One of the most common misconceptions about training is that you cannot train to be strong and flexible at the same time. This isn’t true. Just watch any luminaries of circus, gymnastics, or yoga and they will demonstrate a gorgeous combination of strength and flexibility, which is necessary in any of those disciplines.
The training method that makes this combination possible is active stretching.
Active stretching means using your own muscles to move your body into your end range of motion. It feels more like a strength-building exercise than a traditional stretch sensation.
To learn more, check out “What’s the Difference Between Active and Passive Stretching?”.
In a passive stretch, gravity or some other outside force causes the joint to move into a stretch, so no effort is needed. This is very good for lengthening muscle, and done repeatedly over time (recommended to do at least three stretch sessions a week for best results) muscles will accommodate greater and greater ranges.
However the issue with passive stretching alone is that it doesn’t teach your body how to support that new range of motion. An over-emphasis on passive stretching often means that the body is able to achieve positions where no muscles are able to work to support the joint. This can lead to a situation where you achieve flexibility at the cost of your strength.
Of course, the converse is also possible. Muscles build only and exactly how you use them, so if you are lifting weights and doing strength-training exercises in a small range, over time your body will start to be limited to that range and either wont move beyond that range, or will feel unstable and prone to injury when it does. The more strength you build in a limited range, the harder it will be to move outside of this range, thus sacrificing flexibility for strength.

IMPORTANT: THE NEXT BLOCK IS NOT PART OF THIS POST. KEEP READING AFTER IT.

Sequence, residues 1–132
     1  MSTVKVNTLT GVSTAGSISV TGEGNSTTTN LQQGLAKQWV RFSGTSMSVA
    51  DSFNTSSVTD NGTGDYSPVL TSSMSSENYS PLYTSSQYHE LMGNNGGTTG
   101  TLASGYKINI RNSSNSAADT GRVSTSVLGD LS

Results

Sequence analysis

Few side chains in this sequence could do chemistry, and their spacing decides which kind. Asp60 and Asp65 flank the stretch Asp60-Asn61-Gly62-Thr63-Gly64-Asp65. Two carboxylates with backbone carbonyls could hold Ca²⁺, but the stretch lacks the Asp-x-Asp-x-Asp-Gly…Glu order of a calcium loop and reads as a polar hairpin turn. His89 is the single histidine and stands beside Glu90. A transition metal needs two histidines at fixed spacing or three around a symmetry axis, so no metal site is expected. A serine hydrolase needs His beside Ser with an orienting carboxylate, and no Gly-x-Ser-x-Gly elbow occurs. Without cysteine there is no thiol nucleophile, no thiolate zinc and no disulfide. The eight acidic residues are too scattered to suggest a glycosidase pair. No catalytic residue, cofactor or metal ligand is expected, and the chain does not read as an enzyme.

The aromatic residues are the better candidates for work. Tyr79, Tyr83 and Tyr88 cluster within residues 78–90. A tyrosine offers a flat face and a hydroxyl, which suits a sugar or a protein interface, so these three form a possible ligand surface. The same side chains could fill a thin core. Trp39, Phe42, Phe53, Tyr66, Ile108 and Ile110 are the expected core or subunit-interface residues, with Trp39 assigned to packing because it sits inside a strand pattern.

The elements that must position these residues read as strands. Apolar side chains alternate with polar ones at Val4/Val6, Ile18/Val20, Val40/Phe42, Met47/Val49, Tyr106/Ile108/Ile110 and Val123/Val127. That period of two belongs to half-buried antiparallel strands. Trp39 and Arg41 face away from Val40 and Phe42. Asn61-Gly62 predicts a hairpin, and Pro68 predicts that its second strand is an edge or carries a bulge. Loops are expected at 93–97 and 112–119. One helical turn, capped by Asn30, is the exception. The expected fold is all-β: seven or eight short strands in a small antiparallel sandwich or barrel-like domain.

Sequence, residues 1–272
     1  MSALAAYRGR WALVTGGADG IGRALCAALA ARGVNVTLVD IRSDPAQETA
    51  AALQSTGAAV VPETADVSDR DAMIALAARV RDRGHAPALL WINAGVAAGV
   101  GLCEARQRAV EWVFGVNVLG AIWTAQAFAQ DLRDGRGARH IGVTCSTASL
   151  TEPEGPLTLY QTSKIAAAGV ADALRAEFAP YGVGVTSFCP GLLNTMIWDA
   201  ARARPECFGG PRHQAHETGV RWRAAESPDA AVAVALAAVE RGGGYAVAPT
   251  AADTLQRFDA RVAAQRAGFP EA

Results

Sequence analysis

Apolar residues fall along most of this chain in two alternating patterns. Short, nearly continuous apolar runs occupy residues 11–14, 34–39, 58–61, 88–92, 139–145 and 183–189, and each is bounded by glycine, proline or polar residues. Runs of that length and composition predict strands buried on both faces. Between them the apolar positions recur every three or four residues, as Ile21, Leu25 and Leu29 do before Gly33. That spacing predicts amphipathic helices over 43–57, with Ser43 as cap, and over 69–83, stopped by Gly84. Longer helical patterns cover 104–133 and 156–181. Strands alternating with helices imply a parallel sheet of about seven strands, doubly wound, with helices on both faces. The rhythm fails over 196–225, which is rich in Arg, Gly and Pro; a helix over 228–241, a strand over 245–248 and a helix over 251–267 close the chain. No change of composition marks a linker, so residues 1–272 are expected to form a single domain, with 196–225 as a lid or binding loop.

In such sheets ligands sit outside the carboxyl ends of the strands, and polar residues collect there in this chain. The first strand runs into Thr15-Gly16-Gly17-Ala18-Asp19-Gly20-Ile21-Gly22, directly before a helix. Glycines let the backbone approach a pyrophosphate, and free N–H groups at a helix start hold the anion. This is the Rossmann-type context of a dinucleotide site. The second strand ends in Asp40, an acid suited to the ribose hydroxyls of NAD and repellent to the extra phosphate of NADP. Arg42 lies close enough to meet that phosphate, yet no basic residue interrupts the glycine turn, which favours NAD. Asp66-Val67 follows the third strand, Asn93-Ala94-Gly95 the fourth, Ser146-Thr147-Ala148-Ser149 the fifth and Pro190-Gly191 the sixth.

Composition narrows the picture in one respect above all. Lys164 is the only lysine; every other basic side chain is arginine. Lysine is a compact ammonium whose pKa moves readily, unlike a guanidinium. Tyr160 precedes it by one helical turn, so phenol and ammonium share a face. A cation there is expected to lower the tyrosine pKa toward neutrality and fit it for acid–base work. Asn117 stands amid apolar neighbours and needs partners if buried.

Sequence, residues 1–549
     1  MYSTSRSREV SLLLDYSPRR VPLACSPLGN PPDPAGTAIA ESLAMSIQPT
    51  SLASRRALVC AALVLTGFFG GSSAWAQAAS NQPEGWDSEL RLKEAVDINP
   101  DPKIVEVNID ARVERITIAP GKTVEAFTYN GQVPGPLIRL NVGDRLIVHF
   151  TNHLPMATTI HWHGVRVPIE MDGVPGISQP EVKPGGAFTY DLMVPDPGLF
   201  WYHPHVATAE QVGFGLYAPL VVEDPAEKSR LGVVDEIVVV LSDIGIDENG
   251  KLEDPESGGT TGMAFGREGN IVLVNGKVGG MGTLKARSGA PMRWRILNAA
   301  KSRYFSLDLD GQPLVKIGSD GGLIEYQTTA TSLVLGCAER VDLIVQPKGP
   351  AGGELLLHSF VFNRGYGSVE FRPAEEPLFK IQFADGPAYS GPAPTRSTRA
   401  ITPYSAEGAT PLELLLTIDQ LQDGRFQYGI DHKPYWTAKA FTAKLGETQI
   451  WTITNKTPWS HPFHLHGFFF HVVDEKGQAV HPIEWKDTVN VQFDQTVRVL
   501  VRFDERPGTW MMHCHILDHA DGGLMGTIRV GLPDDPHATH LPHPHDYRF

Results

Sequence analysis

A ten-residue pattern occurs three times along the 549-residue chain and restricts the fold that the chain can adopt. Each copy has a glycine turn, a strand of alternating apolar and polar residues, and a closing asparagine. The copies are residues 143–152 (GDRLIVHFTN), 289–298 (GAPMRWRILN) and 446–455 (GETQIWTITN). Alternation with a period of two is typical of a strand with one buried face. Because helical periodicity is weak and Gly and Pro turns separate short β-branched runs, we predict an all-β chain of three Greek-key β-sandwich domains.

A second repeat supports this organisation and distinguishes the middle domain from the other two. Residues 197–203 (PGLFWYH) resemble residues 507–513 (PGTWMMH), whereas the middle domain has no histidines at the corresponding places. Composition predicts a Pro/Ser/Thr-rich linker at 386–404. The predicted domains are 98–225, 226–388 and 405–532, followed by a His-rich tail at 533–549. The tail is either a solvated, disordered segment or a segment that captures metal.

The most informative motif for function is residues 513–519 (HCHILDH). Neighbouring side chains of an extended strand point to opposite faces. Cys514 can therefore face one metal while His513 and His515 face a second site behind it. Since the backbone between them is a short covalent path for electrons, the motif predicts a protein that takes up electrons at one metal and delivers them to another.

Active flexibility strengthens a muscle through its full range of motion, with a particular emphasis on its shortest position. Muscles can only do two things: shorten or relax. They cannot actively lengthen themselves. That means that the most vulnerable position for a muscle is when it is at its shortest length, helpless.
When we stretch passively, an outside force squishes muscles into shortened positions, and the muscle becomes powerless and possibly very resentful. In an active stretch we only move the joint as far as that muscle is able to contract on its own. Over time, with repetition, the muscles becomes more competent at shortening and the range increases.
Flexibility earned by active methods will almost always be less than passive flexibility. However, active flexibility will be more comfortable, safer, more sustainable over time, stronger, and require less warm up. Active stretching builds strength, awareness, and control of the joint and is a powerful tool to prevent injury, degenerative disease, and chronic pain.
Being strong and flexible isn’t just important for contortionists and gymnasts. It is a component of healthy movement for all of us, keeping our bodies responsive, supple, and able to enjoy the world. The good news is that this type of stretching is available to all bodies at any age or fitness level. It is safe, effective, and can be done with minimal fuss, equipment, and warm-up.
Active stretching can take many forms and levels of challenge and can be applied to any skeletal muscle or joint in the body. It is one of the primary components of our work here at Fit & Bendy. For a super gentle full-body workout using a large number of active stretches, check out this free workout. Other full-length workouts are available through our Video Club or you can get live instruction through our courses and classes.